Development of a digital apatite fission-track analysis training module

Chung, Ling1, Boone, Samuel C1, Gleadow, Andrew1, McMillan, Malcolm1, Kohn, Barry1

1School of Earth Sciences, the University of Melbourne, Melbourne, Victoria, Australia

We report the development of a digital fission-track analysis training module that delivers a traditionally labour-intensive laboratory training routine to the analyst’s computer, making it more practical, accessible and efficient. The module is made possible by Fission Track Studio, a cross-platform dual software suite that is specialized for microscope control and image acquisition (TrackWorks) and analysis (FastTracks), developed by the Melbourne Thermochronology Research Group. Using high-resolution photomicrograph stacks of fission tracks in a range of mica and apatite samples pre-captured in TrackWorks, the module aims to equip researchers with the confidence and skill to produce reliable and reproducible External Detector Method (EDM) and LA-ICP-MS/Digital Fission Track (LAFT) analyses using FastTracks.

The module comprises a series of step-by-step training exercises focused on acquiring the various skills involved in digital fission track analysis, including identifying fission tracks, choosing appropriate grains for analysis, selecting intragrain regions of interest, using FastTracks’ semi-automated counting, c-axis and Dpar functions and measuring confined track lengths. An additional sub-module teaches trainees how to employ FastTracks’ built-in EDM function for the split-screen analysis of apatite-mica sample pairs, as well as allow them to calculate their own user-specific zeta-calibration through analysis of co-irradiated external detectors from standard glasses. The training image sets include the two most commonly used apatite reference materials, Fish Canyon Tuff and Durango, as well as a further six apatites with distinct chemical compositions and track length distributions obtained from a variety of geological settings. Trainees are able to evaluate their progress by comparing their data with expert-reviewed solution files on a grain-by-grain and track-by-track basis.

The digital fission track analysis training module is cloud-stored, allowing for easy access worldwide. Module material includes fission track age and confined track length image sets of well-characterized apatites, expert determined analytical solutions, and a list of recommended reading material and online resources. In collaboration with two international laboratories, the module is being tested on both experienced conventional fission track analysts and untrained students and augmented for improved usability.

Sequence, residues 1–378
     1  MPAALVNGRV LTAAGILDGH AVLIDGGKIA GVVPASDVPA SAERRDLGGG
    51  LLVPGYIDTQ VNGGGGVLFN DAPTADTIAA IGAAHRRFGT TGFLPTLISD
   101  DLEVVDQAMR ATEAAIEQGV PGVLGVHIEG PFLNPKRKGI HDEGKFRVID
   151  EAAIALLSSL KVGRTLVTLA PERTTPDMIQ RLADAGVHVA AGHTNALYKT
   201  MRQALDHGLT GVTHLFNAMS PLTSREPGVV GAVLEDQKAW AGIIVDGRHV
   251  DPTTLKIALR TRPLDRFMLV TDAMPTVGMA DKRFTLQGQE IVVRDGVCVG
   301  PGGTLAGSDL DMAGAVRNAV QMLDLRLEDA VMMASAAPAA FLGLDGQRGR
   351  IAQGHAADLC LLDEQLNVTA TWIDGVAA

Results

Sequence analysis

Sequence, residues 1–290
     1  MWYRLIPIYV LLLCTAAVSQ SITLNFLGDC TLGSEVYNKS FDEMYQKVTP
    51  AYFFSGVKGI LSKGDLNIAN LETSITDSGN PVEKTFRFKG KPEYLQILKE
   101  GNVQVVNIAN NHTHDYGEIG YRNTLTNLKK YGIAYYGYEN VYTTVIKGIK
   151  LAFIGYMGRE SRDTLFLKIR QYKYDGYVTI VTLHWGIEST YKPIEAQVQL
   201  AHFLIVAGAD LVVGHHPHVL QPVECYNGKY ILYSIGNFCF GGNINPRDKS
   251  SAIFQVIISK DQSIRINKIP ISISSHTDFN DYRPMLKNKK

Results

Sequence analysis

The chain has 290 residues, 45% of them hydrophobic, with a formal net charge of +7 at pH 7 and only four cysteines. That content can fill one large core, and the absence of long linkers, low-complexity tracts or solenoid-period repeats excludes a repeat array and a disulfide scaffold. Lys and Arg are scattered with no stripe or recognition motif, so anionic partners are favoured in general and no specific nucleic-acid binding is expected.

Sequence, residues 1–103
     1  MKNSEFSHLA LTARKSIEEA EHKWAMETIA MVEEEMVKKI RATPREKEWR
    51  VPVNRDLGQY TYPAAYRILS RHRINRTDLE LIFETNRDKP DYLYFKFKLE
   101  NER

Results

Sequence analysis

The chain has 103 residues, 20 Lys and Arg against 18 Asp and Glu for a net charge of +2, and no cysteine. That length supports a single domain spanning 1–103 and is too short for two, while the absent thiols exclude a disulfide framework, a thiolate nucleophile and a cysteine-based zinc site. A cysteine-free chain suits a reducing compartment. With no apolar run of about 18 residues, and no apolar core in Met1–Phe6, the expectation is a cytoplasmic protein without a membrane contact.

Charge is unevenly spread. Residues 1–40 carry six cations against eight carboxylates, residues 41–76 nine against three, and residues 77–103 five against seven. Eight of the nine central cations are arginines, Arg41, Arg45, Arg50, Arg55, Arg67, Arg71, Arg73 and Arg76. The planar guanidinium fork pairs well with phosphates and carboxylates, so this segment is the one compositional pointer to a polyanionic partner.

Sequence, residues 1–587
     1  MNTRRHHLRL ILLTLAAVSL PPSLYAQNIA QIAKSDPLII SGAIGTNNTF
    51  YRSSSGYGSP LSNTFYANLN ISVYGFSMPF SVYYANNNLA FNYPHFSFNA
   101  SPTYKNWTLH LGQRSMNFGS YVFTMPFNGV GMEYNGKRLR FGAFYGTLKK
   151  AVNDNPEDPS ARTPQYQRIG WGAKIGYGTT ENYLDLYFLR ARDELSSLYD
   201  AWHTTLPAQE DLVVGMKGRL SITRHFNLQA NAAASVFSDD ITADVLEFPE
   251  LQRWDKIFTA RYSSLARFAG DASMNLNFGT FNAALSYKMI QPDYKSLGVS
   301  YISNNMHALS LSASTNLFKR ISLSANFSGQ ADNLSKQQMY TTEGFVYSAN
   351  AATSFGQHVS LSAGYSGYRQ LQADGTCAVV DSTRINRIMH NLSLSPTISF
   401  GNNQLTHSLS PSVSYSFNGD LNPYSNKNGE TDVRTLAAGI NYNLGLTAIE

Development of this novel training module will empower geoscientists to become remotely trained to perform digital fission track analysis at low cost without face-to-face tutelage or specialised equipment. This enables a new coordinated digital fission track analysis stream, whereby researchers can outsource sample preparation and image capture to laboratories equipped with suitable equipment. Captured image stacks and parent isotope concentrations, in the case of the LA-ICP-MS technique, would then be returned electronically to the newly trained researcher for digital fission track analysis and interpretation. This advance will enhance the accessibility and affordability of this powerful technique and make digital fission track analysis achievable for geoscientists globally.


Her research focuses on training and development of fission track analytical methods, and applying thermochronological techniques, which provide  temporal and spatial constraints towards reconstructing plate movements, to study the evolution of continental margins and their landscape development.

About the GSA

The Geological Society of Australia was established as a non-profit organisation in 1952 to promote, advance and support Earth sciences in Australia.

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